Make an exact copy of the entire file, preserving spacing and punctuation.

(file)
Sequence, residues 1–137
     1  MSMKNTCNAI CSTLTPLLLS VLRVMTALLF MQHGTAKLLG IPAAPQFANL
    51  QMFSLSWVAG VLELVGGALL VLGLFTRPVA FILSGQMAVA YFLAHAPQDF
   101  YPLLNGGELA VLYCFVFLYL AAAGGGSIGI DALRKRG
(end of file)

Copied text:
Sequence, residues 1–137
     1  MSMKNTCNAI CSTLTPLLLS VLRVMTALLF MQHGTAKLLG IPAAPQFANL
    51  QMFSLSWVAG VLELVGGALL VLGLFTRPVA FILSGQMAVA YFLAHAPQDF
   101  YPLLNGGELA VLYCFVFLYL AAAGGGSIGI DALRKRG